The Cow Said Meow (John Himmelman)
No one likes getting caught out in the rain! One drizzly day on the farm, a cow overhears a cat meowing to be let into the house. When the kind old lady inside opens the door, the cow gets an idea--one that spirals out of control!
One Minute (Somin Ahn)
In one minute, you can blink your eyes twenty times, hug your dog, plant seeds, say good-bye, watch the rain, or even save a life. So much can occur in this sliver of time—one minute can feel like a singular experience. This poignant picture book is at once an introduction to time for young readers, an ode to living each moment with purpose, and a thoughtful exploration of how children experience one minute (may it seem short or long) playfully, profoundly, and with a boundless sense of possibility.
Lines, Squiggles, Letters, Words (Ruth Rocha)
A child who has not yet learned how to read looks out at the world and sees language as such a child would: as lines and squiggles that don't exactly make pictures but don't seem to make anything else either. Then, when the child starts to go to school and begins to learn his letters, his way of seeing begins to change.
Candy Pink (Adela Turin)
The book created by Adela Turin 40 years ago to promote equality between boys and girls arrives for the first time in the United States. This story of a transgendered elephant was controversial when it was first published in the 1970s. A girl elephant doesn't like doing the things the other girl elephants do, so she decides to go her own way. Great for young feminists or as a way to start discussions of gender issues with older readers. I'll be getting this one in my library.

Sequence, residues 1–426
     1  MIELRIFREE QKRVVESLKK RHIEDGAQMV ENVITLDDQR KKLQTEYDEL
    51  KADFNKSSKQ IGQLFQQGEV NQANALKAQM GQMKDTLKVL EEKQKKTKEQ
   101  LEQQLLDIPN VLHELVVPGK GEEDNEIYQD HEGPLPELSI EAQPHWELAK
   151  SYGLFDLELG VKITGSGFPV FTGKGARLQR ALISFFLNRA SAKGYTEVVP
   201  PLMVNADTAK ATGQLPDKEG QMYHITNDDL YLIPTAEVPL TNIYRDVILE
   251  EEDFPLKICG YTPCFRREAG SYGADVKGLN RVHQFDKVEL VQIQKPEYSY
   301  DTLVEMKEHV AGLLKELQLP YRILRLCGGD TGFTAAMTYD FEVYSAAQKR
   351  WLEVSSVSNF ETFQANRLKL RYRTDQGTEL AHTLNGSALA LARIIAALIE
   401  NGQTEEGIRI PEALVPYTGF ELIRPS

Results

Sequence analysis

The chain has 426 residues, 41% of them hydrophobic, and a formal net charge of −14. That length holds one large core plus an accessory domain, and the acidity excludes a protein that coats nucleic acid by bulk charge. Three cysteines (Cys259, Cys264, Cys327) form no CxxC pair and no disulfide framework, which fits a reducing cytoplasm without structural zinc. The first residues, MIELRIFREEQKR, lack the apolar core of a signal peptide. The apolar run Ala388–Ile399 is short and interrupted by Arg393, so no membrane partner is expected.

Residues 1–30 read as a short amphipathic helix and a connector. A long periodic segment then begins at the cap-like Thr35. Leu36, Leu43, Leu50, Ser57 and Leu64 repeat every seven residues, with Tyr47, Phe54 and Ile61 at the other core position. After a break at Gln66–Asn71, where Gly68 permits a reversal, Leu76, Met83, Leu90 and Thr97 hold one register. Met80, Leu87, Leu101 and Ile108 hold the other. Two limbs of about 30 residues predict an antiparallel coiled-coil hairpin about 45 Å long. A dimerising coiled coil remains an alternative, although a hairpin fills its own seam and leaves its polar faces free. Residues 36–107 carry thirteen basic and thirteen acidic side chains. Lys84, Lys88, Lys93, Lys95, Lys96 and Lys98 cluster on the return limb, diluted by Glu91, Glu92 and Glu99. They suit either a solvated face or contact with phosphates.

Every Color (Erin Eitter Kono)
Bear longs to see color, but everything around him on the North Pole is white, white, white. When a seagull brings a gift from a little girl, Bear falls in love with the colors in her painting, but it's not enough. So the girl sets off in her boat to take Bear on an adventure and help him see the colors up close.
Elliott's Guide to Dinosaurs (Elliott Seah)
What did the world look like when dinosaurs roamed the Earth? Eight-year-old author Elliott Seah took it upon himself to find out, and in his first book, he takes readers on a fact-filled exploration of these amazing animals from our planet’s distant past.
Mac & Cheese: A Friendship Story That Celebrates Being Different (James Proimos)
Mac and Cheese are the very best of friends, but sometimes they have trouble understanding each other. Cheese is dazzled by Mac's big, big brain, and Mac is baffled by Cheese's artistic talent. But they soon learn that no amount of misunderstanding can get in the way of their unique friendship.
How to Find a Fox (Nilah Magruder)
Equipped with a camera and determination, a little girl sets out to track down an elusive red fox. But foxes are sneaky, and it proves more difficult than she thought.
New Year (Rich Lo)
After his family moves from Hong Kong to Los Angeles, a boy begins school in America. He has a difficult time adjusting with limited knowledge of the English language and American culture. His translator is embarrassed to have to speak her native language at school in front of her friends. The boy feels out of place and alone in his new environment, though his mother assures him that one day he will be proud of his Chinese heritage. Great for Chinese New Year.


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What new releases look most interesting to you? If you have read or reviewed any, please share your links in the comments!